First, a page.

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August is an exciting time for Haitian foundation the Artisan Business Network (ABN). This is because from the 16th through the 20th, ABN’s production team will head up to New York City to take part in the NY NOW market for home, lifestyle and gift. You may recall that MIF is partnering with the ABN, which assists Haitian artisans in improving their business skills, production processes and marketing, through a value chain approach.
This is the 6th time ABN has participated in NY NOW. I recently spoke with Nathalie Tancrede, ABN’s Executive Director, and she told me production is in full bloom. This year, ABN will be presenting 10 collections developed with US-based designers Mimi Robinson, Roberto Calasanz, Aviva M. Shulem and Dayanne Danier, and will include a mix from various artisan groups and materials with metal, papier mâché, textile and soapstone. “We’ve developed over 100 new pieces, but only a few will make it on the shelves.” Due to the limited space, only half or less will be making the trip up to New York this summer. However, the foundation has also developed a new products catalogue, which will feature all the items produced this season.
With such an important opportunity and so many creative options, you may wonder how is the selection process for NY NOW carried out. Choosing the artisan pieces with the highest potential for attracting interest and orders in the US market is a tricky business. This is why it was a collaborative effort: ABN has a US-based design board led by Keith Recker, one of ABN’s board members and advisors in product development and client relations. ByHand Consulting and Hand/Eye Fund referred the US-based designers, who in turn offer regular feedback and advice to ABN based on market trends. The designers who helped select the 40 to 50 pieces that will be showcased at NY NOW will visit the ABN booth for more personal feedback during the show.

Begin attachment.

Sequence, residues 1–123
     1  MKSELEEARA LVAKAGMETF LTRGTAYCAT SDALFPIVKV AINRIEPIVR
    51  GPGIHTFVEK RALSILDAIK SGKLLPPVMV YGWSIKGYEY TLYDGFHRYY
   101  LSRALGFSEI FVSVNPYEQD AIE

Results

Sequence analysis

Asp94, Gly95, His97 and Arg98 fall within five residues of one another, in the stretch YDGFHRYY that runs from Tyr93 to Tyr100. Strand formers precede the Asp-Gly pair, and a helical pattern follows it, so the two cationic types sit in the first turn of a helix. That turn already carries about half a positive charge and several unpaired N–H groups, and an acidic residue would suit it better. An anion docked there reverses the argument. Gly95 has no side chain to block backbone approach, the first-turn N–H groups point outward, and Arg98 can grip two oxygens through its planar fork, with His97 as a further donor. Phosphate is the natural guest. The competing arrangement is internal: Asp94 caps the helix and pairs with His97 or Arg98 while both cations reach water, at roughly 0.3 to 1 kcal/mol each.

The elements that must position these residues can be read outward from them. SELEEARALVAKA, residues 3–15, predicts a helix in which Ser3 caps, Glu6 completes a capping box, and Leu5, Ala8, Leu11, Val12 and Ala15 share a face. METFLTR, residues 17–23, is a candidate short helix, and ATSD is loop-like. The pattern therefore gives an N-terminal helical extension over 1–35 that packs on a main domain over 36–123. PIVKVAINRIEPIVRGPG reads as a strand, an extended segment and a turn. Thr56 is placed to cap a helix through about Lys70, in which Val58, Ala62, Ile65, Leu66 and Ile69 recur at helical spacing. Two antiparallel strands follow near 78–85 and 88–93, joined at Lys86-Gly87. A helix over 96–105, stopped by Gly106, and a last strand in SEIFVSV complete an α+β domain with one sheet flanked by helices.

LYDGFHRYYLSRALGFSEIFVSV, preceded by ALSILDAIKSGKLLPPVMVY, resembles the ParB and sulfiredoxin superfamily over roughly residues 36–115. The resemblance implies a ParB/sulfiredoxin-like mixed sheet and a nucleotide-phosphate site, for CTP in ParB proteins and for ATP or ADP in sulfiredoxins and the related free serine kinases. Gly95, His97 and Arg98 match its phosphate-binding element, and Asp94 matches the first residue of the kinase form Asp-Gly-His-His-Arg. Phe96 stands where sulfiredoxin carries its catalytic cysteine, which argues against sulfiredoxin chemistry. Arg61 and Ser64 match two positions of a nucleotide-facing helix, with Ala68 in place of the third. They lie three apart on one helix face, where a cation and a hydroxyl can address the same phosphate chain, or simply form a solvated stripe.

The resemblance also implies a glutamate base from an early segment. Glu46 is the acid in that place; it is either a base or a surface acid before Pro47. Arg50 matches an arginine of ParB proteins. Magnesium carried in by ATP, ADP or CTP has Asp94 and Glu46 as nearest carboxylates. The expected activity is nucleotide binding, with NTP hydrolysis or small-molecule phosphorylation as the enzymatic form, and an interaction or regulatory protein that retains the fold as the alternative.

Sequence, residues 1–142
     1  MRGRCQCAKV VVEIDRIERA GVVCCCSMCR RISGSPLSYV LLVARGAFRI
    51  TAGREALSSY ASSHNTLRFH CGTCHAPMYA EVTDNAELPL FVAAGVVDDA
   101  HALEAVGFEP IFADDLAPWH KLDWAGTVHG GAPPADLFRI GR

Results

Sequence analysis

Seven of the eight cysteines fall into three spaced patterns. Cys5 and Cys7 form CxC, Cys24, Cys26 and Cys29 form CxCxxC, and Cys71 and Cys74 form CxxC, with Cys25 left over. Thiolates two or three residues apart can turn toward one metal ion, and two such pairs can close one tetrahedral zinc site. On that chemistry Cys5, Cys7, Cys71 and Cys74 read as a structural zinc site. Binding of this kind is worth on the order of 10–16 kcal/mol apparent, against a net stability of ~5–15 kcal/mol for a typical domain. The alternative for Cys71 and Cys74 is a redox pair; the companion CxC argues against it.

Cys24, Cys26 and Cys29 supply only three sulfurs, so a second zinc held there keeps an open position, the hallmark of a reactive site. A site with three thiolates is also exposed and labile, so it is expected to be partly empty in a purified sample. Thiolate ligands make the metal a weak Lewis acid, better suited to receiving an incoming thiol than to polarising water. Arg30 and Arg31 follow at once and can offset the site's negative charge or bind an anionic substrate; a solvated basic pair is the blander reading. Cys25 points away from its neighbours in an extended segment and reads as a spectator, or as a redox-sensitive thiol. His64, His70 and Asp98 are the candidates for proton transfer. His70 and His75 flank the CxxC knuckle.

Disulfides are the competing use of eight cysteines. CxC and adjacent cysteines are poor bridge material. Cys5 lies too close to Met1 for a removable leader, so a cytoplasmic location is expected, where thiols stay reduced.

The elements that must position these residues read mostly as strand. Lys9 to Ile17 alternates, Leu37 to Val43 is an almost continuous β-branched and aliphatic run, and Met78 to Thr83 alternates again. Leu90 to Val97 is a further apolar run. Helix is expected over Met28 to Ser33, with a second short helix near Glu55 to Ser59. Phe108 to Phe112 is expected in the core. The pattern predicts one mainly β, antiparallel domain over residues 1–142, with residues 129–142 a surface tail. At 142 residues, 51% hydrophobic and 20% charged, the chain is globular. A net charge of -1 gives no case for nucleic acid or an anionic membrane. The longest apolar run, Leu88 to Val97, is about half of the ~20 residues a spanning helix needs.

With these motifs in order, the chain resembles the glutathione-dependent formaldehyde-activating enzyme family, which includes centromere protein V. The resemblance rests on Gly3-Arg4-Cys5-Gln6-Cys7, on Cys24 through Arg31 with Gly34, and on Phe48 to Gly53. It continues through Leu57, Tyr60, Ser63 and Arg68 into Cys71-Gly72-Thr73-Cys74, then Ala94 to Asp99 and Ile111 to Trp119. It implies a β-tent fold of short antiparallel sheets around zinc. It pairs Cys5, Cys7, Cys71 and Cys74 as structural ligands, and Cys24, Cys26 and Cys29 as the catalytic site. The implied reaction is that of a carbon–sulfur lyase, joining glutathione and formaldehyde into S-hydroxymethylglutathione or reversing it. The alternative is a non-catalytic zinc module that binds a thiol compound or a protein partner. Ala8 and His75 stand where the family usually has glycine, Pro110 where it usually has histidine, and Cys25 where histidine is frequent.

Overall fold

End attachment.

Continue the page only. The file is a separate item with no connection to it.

Says Tancrede, “My hope is to get lots of sales. Our network is growing so we have more artisans who look forward to improving their quality of life through their partnership with ABN. I would love to come back to Port-au-Prince with substantial orders that will keep our artisans busy for months to come.”
Aside from NY NOW, business has been busy for ABN. With current membership totaling 1,547 (up from 1,000 when the MIF project kicked off in early 2014), ABN aims to reach 2,500 by 2018. And boy, is it making headway. For a few months now, the foundation has held a flurry of workshops and training sessions: Financial management (with Root Capital), business management, export marketing (with By Hand Consulting), client relations, product development, IT, ethics, health & safety. ABN also partnered with local banks to offer credit management workshops and give artisans access to financial services that are adapted to their needs. Sogebank and BNC have been attending ABN’s sessions and opening accounts for artisans on the spot.
Not only are the trainings varied and adapted to artisans’ needs, they’re also physically accessible: Sessions aren’t only held in Port-au-Prince, but also in Léogane, Jacmel, Hinche, Fond des Blancs, Croix-des-Bouquets, Mirebalais, Petit-Trou-de-Nippes, Port Salut, etc. Said Tancrede, “Last week, some ABN consultants held a training session in Fonds des Blancs in pattern making and IT skills, while another group was in Hinche for financial management and Ethics/Quality Control.”
Building the artisans’ capacity by offering them the tools and knowledge they need is the right way to boost business opportunities for them.
In another recent exchange on NY NOW, Tancrede told me that in addition to its booth in the Artisan Resource section, ABN will also share Caribbean Craft’s space in the Global Handmade section. “Magalie & Joel Dresse have given ABN a huge opportunity – more exposure, more visitors and hopefully more business!”
Looks like things are well on their way indeed.
From the Multilateral Investment Fund Trends blog
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